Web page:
GP or LP providing repayment guarantee?

In development, it appears that in many JV's, the sponsor (who also provided the principal repayment guaranty), can make a capital call to fund the repayment guaranty. If so, why do LP's want the sponsor to provide this guaranty, when they are probably going to be funding 90-95% of it anyways. Why is non-recourse so heavily preferred over partial recourse (20-25%)? If I'm a sponsor, wouldn't I be willing to do 100% recourse knowing that the LP would have to fund most of it anyways if that ever happened. 100% recourse would allow me to secure a stronger financing rate. I think I'm missing something here and wanted to see if someone could help fill the gaps in my understanding.

Comments (5)

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jmkib, what's your opinion? Comment below:

First, generally speaking, many LP's see the GP providing the guarantees (completion, bad boys, and potentially repayment guarantee) as part of the way they earn their promote. Some limited partners will provide their balance sheet for completion guarantees and even repayment guarantees, but this can come at a big cost to the GP (e.g. giving them some of the promote, heavy fees (1-2% of the loan amount or even more with full repayment guarantees), a syndicated piece of the GP entity, etc.) 

Happy to have someone else chime in here and provide some more detail, but in my experience, the LP wouldn't typically want to expose themselves to liability via a repayment guarantee in their operating agreements. You might be thinking of "cost overruns" which can be structured to be split by the LP and GP. But even with cost overruns, many LP's consider keeping the budget to be a responsibility of the GP and therefore want to limit their exposure to cost overruns. There may even be punitive interest rates for capital calls - e.g. if the LP has to fund cost overruns, they will do so at a 15% interest rate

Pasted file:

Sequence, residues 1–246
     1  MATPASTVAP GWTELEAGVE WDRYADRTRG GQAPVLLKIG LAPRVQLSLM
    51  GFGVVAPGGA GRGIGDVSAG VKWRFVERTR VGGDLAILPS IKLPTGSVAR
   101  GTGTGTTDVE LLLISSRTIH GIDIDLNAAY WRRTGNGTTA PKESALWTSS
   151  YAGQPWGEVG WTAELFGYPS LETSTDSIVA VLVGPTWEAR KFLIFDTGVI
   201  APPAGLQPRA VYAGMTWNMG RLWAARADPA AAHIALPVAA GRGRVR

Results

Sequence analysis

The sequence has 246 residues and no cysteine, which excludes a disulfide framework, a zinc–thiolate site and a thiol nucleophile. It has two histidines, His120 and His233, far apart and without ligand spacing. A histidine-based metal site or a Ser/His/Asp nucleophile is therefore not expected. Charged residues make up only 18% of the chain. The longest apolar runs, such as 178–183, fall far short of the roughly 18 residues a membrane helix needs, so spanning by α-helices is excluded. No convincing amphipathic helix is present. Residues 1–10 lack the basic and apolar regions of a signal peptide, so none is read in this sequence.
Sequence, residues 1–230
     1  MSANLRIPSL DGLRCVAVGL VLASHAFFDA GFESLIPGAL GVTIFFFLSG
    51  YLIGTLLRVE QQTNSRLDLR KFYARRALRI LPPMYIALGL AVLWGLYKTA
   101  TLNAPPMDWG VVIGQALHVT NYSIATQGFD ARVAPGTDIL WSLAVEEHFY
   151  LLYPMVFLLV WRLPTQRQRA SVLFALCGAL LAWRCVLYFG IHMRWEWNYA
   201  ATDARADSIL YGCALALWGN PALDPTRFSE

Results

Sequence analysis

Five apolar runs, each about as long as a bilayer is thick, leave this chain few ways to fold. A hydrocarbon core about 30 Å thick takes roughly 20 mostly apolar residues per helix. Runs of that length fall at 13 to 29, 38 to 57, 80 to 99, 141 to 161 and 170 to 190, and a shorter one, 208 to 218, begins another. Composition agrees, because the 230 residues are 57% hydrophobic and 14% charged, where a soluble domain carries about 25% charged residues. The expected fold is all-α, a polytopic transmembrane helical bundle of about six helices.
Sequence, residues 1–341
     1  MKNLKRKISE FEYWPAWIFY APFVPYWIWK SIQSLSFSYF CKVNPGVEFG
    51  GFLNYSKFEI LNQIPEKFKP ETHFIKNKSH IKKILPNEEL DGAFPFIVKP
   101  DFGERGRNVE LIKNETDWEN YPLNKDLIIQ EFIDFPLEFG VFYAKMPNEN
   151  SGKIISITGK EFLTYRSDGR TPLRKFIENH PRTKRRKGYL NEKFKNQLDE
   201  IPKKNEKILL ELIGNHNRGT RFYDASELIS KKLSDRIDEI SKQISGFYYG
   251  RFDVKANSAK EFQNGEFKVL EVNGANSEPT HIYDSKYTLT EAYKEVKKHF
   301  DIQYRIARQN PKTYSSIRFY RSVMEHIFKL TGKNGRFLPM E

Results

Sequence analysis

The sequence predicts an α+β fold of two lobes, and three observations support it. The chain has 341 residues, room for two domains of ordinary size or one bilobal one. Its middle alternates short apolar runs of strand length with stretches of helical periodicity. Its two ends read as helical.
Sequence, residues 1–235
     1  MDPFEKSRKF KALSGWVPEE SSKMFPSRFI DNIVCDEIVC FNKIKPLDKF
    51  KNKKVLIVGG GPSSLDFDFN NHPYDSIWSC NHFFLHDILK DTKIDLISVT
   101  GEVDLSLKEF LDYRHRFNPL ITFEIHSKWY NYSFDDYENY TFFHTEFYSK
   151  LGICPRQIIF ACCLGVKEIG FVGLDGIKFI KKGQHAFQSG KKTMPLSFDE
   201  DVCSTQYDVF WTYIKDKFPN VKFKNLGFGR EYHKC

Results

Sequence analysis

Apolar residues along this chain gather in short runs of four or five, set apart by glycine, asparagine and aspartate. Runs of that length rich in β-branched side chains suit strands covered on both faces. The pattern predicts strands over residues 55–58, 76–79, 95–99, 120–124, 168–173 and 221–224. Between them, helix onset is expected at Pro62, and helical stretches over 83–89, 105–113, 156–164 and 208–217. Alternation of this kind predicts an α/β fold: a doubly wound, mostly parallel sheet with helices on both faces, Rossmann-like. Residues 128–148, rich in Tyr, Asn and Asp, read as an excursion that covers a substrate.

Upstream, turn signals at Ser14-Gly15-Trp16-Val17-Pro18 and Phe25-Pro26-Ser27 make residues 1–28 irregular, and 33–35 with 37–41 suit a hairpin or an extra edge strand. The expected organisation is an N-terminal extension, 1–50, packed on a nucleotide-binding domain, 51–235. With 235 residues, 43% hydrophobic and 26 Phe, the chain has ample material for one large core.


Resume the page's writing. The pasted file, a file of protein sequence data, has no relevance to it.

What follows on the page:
Many LP funds aren't set up to provide guarantees and don't want the contingent liability on their balance sheet. While it would depend on how each operating agreement is set up, I'm struggling to think of scenarios where the LP would willingly structure the situation you are mentioning above into an operating agreement without taking a significant portion of the promote or providing heavy fees in the deal. The GP is effectively passing on the liability of the repayment guaranty to them.

As a side note, many funds may also require warm body guarantors in addition to entities that meet the net worth and liquidity thresholds. 

So the situation you are describing above is, in my experience, not typical. In the hypothetical situation you're describing whereby the LP basically takes on the liability of the repayment guarantee through the operating agreement, the reason why the developer wouldn't want to do that is because they are most likely giving up a sizable amount of the deal through fees and/or promote. Unless they are unable to find non-recourse debt, or the delta between the interest rates is very large, I would imagine that it would be more prudent for the GP to just secure non-recourse debt and pay a higher interest rate. 

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jtd1215, what's your opinion? Comment below:

I second the above as it relates to LPs don't want to carry the liability on their balance sheet. Most LPs are risk adverse and 100% recourse on a development deal is unheard of from my experience. I rather pay a larger spread and take ~20% recourse (even full non-recourse). Something will always come up in a development.. or tenants default and you go into cash management, etc.

  • Investment Analyst in PE - Other

If you work for a developer and getting this unreal deal for you. If you work for an LP and your boss is providing this he probably has a total of two brain cells.

  • Analyst 1 in RE - Comm

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